I was awarded my PhD in Astronomy & Astrophysics at the Australian National University in 2012. My thesis examined populations of young stars in the southern sky, particularly around the nearby open clusters Eta and Epsilon Chamaeleontis. During 2013-2014 I was the Gliese Postdoctoral Fellow at the University of Heidelberg, Germany, where I identified new stellar moving group members using data from the Gaia satellite astrometry mission. I returned to Australia in 2015 to work on the ANU SkyMapper Southern Sky Survey and in 2016 I took up a Vice Chancellor's Postdoctoral Research Fellowship at UNSW Canberra. I am now a Lecturer in Astrophysics in the School of Science where I teach physics and astronomy courses and conduct research into young, low-mass stars in the Solar neighbourhood.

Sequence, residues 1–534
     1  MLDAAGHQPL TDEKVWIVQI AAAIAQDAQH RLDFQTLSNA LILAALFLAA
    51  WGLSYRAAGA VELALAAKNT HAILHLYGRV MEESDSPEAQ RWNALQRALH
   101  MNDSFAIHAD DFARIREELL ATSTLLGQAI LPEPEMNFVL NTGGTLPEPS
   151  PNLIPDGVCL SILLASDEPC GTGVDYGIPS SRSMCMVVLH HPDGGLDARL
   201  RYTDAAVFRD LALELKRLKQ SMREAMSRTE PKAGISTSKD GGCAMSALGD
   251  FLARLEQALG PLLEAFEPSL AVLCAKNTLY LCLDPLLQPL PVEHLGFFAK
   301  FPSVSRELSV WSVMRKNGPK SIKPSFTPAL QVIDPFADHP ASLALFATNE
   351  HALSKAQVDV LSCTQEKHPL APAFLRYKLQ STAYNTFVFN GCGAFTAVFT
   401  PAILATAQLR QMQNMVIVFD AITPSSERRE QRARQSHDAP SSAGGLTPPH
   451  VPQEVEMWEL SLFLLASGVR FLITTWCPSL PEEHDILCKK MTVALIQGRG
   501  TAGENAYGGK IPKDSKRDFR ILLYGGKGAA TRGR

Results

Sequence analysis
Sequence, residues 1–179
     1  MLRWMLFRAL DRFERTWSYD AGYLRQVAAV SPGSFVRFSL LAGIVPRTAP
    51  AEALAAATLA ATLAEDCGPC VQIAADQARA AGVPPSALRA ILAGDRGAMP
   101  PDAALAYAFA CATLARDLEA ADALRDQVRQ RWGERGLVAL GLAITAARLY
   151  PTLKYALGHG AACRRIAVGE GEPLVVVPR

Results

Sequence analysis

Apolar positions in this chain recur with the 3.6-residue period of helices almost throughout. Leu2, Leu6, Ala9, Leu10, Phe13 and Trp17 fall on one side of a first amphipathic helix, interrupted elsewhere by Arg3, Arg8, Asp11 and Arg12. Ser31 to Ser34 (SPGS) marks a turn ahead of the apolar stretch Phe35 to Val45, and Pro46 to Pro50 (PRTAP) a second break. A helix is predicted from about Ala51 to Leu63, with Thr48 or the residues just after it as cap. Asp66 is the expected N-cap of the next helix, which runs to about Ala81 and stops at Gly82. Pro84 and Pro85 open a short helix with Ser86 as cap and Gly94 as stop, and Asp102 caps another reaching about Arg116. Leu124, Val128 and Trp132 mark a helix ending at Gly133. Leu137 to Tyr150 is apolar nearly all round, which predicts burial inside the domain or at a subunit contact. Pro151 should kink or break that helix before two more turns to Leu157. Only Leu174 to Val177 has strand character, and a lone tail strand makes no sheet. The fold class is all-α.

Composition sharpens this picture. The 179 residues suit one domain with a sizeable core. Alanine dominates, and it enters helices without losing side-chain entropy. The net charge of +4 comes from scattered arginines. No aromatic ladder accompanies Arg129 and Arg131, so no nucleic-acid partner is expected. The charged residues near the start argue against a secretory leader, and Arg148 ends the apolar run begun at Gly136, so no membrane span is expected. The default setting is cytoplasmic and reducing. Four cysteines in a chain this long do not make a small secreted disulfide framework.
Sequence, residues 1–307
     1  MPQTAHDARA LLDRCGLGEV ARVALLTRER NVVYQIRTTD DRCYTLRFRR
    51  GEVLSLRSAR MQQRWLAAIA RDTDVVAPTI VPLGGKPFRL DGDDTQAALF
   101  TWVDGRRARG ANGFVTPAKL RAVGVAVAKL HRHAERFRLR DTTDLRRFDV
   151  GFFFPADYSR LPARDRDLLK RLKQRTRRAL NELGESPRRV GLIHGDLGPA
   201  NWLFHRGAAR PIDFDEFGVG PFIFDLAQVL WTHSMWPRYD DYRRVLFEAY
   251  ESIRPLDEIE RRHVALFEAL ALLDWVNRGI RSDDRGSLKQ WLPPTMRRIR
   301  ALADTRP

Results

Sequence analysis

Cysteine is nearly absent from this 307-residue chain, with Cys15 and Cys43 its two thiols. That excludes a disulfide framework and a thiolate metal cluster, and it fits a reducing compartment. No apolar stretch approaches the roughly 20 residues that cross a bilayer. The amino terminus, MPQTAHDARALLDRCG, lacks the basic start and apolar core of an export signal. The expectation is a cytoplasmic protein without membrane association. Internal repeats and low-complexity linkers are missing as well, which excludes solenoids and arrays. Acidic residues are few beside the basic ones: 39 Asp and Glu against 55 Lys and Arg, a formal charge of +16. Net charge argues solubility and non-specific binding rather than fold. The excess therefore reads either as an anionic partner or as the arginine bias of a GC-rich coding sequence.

My research interests focus on identifying and characterising some of the youngest stars in the Solar neighbourhood. These young, nearby star systems are ideal laboratories for understanding early stellar evolution and probing the diverse conditions under which stars and, importantly, planets form. To accomplish this I use observations from a variety of telescopes and satellites, including the latest all-sky surveys here in Australia. I am also interested in the international Virtual Observatory effort, which is developing standards for the discovery, exchange and analysis of astronomical data by computers and astronomers alike.
My Research Supervision
Teaching in 2023: